wa police

WA Police Fires Unvaccinated Cops Two Years After Covid Mandates Were Dropped

2 July 2024

5 MINS

The firings come amid staffing shortages and low morale, with WA Police turning to overseas recruitment to prop up its frontline forces.

Two years after the Covid mandates ended, the West Australian Police Force has fired nearly twenty unvaccinated police officers and public servants for refusing to get the jabs.

A legal challenge against the mandates, brought by WA Police officer Ben Falconer and staff member Les Finlay, had previously secured an injunction preventing the force from firing unvaccinated staff until the matter had been settled in the courts.

However, a Supreme Court ruling that then WA Police Commissioner Chris Dawson’s Covid vaccination directive was “valid and lawful” brought an end to the injunction in April. WA Police announced the resumption of disciplinary action against 17 affected employees immediately after the hearing, with all 12 police officers and five staff having now been sacked.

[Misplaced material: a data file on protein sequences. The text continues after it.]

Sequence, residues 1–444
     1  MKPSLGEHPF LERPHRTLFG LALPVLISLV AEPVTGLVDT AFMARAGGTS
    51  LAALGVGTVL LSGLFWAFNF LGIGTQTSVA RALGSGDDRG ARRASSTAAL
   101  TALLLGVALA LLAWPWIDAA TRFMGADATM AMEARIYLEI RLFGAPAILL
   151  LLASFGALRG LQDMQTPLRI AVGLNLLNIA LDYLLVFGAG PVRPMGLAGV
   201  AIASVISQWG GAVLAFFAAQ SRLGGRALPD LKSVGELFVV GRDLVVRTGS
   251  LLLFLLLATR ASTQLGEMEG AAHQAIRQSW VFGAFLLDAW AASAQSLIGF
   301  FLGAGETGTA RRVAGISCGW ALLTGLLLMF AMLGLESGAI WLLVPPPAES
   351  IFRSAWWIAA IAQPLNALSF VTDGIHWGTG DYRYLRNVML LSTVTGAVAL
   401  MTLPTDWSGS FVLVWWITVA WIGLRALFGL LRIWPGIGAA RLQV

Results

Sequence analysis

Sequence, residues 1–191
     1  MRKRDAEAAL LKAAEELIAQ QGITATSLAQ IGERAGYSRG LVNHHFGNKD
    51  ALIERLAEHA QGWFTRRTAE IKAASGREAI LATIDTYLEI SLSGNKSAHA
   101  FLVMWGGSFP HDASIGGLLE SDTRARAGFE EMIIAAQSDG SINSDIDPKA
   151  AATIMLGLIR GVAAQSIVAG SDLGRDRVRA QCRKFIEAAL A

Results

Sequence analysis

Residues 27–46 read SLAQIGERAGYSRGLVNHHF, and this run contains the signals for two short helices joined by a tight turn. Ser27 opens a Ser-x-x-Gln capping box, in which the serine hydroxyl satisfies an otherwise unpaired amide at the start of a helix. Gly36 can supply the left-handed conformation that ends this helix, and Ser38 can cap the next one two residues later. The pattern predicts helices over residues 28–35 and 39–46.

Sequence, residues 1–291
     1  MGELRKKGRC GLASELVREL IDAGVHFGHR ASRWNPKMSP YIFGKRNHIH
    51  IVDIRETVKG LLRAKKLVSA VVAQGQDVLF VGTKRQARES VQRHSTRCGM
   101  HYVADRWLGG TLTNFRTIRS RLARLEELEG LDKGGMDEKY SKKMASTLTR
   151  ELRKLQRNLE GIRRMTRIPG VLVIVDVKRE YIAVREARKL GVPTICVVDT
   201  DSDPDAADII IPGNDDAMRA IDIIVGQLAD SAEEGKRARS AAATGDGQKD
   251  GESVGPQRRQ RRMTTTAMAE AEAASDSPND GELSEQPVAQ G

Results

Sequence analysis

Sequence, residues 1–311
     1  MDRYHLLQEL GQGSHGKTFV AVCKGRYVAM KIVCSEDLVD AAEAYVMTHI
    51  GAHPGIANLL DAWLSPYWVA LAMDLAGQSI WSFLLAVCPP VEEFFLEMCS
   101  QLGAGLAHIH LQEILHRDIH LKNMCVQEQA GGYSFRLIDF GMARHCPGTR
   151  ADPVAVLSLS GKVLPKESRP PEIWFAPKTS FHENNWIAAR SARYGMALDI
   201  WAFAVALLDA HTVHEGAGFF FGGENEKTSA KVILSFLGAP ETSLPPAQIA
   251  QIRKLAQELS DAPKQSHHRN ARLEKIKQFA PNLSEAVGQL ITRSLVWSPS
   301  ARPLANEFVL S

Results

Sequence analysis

Falconer was the last to be formally notified of his dismissal, today, for disobeying the Commissioner’s vaccination directive. Despite no prior history of disobedience, Falconer refused the jabs due to his concerns over the safety and efficacy of the Covid vaccines, and the way in which mandates violated the bodily integrity of officers and staff.

While Deputy Commissioner Allan Adams said that Falconer’s dismissal was “regretful,” Falconer maintains that refusing Covid vaccination is the “best decision I’ve ever made.” Falconer, a Senior Constable who served in the force for 15 years, says that the sacked police officers had over 150 years of policing experience combined.